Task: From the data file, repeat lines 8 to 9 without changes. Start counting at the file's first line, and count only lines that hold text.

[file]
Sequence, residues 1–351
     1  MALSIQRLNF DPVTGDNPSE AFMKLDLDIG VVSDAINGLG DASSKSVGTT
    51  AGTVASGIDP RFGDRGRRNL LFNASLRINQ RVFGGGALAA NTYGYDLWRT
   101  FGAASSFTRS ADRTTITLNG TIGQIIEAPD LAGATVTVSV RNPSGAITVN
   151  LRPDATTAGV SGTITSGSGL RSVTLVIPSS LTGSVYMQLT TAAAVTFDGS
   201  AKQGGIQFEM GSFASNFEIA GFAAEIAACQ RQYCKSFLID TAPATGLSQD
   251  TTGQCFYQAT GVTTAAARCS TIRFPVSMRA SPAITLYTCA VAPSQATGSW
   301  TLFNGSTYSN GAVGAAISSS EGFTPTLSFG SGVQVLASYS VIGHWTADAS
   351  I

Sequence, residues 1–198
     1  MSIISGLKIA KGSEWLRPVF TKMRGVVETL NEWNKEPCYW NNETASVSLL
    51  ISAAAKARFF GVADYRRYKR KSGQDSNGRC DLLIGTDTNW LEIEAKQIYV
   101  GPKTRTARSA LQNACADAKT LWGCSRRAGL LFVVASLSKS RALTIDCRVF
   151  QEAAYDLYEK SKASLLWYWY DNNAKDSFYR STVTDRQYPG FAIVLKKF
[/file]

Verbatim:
   301  TLFNGSTYSN GAVGAAISSS EGFTPTLSFG SGVQVLASYS VIGHWTADAS
   351  I